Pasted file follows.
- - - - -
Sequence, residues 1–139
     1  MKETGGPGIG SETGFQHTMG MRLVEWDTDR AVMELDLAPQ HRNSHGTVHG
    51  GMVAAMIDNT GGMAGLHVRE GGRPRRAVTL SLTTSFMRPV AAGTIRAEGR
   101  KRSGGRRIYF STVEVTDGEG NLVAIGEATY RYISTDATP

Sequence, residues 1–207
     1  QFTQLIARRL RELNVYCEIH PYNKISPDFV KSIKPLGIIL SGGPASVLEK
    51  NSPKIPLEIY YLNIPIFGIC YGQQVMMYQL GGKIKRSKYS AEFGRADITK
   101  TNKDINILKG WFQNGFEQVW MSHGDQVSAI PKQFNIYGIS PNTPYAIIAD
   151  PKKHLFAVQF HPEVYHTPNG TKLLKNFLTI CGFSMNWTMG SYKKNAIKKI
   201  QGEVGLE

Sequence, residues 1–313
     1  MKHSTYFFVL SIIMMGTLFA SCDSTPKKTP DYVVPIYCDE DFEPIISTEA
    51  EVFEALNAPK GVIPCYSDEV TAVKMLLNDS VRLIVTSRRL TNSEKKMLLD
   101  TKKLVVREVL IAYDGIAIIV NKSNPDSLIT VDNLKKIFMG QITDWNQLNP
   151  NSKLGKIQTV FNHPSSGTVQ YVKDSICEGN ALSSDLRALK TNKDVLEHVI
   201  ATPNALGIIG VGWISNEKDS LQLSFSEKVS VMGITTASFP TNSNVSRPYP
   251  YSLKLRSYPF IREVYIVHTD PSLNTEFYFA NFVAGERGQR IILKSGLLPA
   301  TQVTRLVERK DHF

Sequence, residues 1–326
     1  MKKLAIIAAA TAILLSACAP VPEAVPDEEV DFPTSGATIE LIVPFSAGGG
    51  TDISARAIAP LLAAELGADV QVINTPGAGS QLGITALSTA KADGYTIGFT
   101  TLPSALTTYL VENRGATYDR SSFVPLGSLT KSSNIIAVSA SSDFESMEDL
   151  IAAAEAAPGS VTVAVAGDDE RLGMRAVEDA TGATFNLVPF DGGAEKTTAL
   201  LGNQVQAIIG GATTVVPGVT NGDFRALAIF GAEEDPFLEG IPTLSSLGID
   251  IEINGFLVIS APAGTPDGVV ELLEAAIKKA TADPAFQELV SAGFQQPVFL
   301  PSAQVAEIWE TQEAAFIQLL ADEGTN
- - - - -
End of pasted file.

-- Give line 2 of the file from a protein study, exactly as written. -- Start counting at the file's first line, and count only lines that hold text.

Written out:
     1  MKETGGPGIG SETGFQHTMG MRLVEWDTDR AVMELDLAPQ HRNSHGTVHG